My first break is mid-morning to make a loose leaf cup of tea, a ritual I find calming and reflective. Next I make sure to take at least 45 minutes for lunch and 15 minutes for a walk at some point during the day. The real magic comes from my “micro” breaks. For me, this looks like three hours of zoom meetings and an inundated inbox. If I were to dive directly into my inbox my mind would be foggy, I would miss details, and I would overall take a longer time to get my inbox in order. Instead, I take a step back and take a break to water a plant or turn around the laundry. When I come back from my 5-10 minute micro break my mind is ready to shift focus from my zoom calls to the task in front of me: working through my inbox.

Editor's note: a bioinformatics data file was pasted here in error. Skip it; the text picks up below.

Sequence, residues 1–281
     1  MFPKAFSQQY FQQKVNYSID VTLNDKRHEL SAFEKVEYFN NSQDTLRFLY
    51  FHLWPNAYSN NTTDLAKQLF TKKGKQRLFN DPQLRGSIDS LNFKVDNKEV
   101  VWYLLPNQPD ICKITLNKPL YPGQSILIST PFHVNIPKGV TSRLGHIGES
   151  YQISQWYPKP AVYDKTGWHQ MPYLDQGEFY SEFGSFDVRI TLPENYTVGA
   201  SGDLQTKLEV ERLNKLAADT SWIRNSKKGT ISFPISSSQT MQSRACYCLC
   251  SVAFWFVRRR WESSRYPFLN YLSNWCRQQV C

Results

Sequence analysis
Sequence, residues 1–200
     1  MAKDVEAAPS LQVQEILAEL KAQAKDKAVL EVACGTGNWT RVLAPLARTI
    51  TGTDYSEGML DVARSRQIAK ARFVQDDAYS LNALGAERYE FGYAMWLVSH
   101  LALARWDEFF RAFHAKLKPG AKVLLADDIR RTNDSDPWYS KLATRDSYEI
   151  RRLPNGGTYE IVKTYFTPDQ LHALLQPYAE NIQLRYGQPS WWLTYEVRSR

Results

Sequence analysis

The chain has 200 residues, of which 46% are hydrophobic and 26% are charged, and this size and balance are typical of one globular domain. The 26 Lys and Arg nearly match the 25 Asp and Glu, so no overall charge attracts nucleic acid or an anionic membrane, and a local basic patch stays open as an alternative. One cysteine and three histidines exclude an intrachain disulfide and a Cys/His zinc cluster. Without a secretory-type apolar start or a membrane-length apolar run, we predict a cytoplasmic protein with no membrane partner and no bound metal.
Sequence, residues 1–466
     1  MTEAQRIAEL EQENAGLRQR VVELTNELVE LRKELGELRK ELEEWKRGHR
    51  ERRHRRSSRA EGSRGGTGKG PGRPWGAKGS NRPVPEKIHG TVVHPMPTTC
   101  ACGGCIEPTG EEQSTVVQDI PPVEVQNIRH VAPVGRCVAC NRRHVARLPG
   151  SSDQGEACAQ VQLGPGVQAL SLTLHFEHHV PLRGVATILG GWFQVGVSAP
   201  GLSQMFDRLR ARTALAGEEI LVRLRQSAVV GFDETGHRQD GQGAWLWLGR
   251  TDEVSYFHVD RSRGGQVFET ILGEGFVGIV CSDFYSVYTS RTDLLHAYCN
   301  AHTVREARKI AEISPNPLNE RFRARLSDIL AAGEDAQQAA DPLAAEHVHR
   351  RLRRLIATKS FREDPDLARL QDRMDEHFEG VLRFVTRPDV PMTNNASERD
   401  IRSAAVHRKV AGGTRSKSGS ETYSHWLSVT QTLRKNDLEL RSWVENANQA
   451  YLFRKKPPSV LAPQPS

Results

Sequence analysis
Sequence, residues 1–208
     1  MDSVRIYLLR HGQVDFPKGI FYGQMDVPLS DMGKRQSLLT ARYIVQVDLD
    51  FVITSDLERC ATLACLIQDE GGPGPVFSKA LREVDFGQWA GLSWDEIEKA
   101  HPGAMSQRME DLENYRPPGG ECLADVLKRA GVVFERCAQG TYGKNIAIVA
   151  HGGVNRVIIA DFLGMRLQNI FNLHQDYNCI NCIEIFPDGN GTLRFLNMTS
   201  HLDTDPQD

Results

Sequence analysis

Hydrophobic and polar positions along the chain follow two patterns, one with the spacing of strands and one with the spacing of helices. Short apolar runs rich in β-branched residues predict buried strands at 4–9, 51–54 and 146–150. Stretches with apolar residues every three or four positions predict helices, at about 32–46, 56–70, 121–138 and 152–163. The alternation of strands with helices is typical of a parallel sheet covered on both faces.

2020 has redefined the workday. We all were asked to adapt and adjust to a global pandemic in such a short period of time, paired with feelings of anxiety, loss, grief, fear, and sadness now is more important than ever to allow flexibility when you can. Far away from each other, we cannot pick up on subtle nuances of someone's day: if they’re feeling unwell, if they aren’t feeling themselves, if they are struggling with something personal. I do my best to treat everyone as if they are dealing with something (because honestly, we all are right now). If there is an opportunity for an employee to workout in the middle of the day, with the assurance their work will be completed or to go to a doctor’s appointment or to take a mental health day, you encourage it. Allowing a flexible schedule creates a sense of trust among team members and, in a time where so little is within our control, relieves unnecessary stress for employees to be glued to their desks at all times.